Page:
St. Paul understood this responsibility perfectly well. Something that Paul did as an apostle and minister of the Word was to intercede for the people under his spiritual care. "And, besides other things, I am under daily pressure because of my anxiety for all the churches. Who is weak, and I am not weak? Who is made to stumble, and I am not indignant?" (2 Cor 11:28–29). There seems to have been a kind of 'burden' experienced by Paul on account of his 'spiritual anxiety' for the members of the churches he established. St. Paul went to the extent of saying that he was in pain like a mother's travail until the time Christ who was in them like an embryo was brought to birth. "My little children, for whom I am again in the pain of childbirth until Christ is formed in you"(Gal 4:19). Such travail enabled him to intercede for them constantly: "Constantly praying with joy in every one of my prayers for all of you" (Phil 1:4). It required prayer without ceasing: "For this reason, since the day we heard it, we have not ceased praying for you and asking that you may be filled with the knowledge of God's will in all spiritual wisdom and understanding" (Col 1:9–10). Our call In Redemptoris Missio, Pope John Paul II emphasized the role of intercession in effective evangelization: "Prayer should accompany the journey of missionaries so that the proclamation of the Word will be effective through God's grace" (No. 78). St. Paul exhorted us: to "pray without ceasing" (1 Thes 5:17). "With all prayer and supplication, pray at every opportunity in the Spirit. To that end, be watchful with all perseverance and supplication for all the holy ones" (Eph 6:18). Several people have testified a bout such a 'burden', a sense of urgency and conviction they experience to pray for the salvation of souls, restoration of unity to a group of divided people or to bring about revival in a particular place. There are people who wake up in the wee hours of the day to intercede for people, places and situations.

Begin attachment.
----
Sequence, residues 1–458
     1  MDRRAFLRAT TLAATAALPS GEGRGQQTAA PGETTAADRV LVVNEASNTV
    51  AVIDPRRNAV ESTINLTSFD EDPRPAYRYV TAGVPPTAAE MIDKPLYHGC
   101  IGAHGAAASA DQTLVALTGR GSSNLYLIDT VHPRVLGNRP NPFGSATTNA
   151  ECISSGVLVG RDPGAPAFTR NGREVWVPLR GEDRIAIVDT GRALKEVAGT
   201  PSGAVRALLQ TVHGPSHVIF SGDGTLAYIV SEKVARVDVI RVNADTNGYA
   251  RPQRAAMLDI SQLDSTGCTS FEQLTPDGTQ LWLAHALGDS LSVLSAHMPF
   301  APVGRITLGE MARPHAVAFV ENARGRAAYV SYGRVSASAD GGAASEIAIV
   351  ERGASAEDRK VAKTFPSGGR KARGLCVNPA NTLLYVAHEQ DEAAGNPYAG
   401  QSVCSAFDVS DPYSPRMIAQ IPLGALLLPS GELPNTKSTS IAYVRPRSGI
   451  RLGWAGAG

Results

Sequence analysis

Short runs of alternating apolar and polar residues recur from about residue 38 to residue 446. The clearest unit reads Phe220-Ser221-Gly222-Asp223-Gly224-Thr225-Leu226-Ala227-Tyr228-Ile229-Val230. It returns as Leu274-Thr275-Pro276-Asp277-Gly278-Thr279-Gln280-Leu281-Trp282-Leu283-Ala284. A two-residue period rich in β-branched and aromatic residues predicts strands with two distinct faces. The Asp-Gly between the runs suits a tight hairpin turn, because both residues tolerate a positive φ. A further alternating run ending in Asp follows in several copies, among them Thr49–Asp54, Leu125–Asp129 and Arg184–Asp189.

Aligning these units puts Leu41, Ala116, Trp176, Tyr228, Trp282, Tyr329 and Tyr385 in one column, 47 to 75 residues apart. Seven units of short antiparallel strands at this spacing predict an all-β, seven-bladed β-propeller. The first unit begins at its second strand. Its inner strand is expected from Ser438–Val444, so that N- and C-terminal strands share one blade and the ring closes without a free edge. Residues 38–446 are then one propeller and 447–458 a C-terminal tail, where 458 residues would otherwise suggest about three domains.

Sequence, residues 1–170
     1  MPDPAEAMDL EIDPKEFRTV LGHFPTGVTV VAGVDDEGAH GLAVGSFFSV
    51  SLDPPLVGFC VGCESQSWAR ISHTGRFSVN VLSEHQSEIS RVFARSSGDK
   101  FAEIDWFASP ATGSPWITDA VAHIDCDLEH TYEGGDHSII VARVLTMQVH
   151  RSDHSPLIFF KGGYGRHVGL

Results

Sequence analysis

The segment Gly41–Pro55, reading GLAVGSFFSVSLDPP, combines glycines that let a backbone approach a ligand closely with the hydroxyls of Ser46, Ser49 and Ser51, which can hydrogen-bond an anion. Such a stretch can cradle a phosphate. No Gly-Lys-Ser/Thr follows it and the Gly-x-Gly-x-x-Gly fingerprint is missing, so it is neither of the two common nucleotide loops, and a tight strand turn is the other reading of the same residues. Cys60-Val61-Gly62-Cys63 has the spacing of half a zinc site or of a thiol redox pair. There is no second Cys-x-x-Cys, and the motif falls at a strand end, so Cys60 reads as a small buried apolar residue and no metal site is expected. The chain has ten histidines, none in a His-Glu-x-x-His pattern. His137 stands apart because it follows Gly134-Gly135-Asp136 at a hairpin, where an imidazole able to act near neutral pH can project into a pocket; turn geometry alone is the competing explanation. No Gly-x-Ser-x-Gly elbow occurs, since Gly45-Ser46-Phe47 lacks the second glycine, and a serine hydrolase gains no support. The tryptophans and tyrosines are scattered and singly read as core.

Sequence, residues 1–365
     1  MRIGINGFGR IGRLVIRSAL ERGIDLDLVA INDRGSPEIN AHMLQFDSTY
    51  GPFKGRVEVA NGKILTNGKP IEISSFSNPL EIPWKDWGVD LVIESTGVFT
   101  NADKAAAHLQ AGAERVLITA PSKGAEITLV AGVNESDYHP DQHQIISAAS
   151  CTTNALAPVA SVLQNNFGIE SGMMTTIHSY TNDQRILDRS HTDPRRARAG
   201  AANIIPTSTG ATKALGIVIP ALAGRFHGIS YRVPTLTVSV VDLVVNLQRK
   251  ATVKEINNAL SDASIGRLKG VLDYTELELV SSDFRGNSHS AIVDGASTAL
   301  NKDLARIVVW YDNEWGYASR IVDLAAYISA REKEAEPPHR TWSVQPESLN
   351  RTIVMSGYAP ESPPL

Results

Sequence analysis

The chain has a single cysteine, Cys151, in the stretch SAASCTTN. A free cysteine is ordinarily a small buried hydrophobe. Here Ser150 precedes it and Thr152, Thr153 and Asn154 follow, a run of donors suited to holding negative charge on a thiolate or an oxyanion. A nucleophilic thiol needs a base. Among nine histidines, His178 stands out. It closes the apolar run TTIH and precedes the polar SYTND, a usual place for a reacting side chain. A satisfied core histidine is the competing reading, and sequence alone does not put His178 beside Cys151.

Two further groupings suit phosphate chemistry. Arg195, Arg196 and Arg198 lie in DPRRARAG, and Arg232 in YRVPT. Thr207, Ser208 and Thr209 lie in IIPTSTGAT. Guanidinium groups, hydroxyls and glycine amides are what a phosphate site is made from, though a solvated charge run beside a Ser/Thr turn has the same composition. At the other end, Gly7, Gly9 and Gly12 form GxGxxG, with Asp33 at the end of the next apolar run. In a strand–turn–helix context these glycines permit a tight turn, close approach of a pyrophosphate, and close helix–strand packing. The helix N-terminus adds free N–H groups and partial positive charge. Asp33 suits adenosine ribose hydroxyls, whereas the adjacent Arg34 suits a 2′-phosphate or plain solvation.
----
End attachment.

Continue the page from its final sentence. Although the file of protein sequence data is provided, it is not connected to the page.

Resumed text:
Our Response

The history of the Church is replete with examples of men and women, canonized saints and others, who have interceded for their fellow men and brought many blessings to our world. The prime question is: Are we convinced about the various promises of God about the efficacy of intercession? "Call to me and I will answer you and tell you great and unsearchable things you do not know" (Jer 33:3). For He is "able to do immeasurably more than all we ask or imagine, according to his power that is at work within us" (Eph 3:20). We have this assurance from Jesus: "If you believe, you will receive whatever you ask for in prayer" (Mt 21:22). St. Paul also instills confidence in the intercessor "Let us then approach the throne of grace with confidence, so that we may receive mercy and find grace to help us in our time of need" (Heb 4:16). The horse needs to be put before the cart. Intercession should, therefore be the detonator and the prime mover of all our initiatives.

International Catholic Charismatic Renewal Services ICCRS – January 2010 Newsletter